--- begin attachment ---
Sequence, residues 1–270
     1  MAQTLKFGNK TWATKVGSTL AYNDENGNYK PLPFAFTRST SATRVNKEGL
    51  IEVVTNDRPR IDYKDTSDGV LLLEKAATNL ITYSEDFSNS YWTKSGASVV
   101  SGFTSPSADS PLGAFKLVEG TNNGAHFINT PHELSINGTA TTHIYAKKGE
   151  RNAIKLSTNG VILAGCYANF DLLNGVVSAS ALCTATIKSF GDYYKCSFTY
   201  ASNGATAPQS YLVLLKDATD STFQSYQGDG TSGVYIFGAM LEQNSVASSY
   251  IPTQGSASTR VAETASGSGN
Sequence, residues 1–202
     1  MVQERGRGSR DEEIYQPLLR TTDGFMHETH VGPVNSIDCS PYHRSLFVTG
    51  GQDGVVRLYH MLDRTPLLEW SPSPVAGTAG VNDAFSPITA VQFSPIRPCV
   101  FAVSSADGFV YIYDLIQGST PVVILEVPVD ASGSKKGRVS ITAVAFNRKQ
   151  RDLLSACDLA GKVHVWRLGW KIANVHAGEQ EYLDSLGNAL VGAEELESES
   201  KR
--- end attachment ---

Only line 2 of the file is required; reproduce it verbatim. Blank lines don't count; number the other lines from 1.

     1  MAQTLKFGNK TWATKVGSTL AYNDENGNYK PLPFAFTRST SATRVNKEGL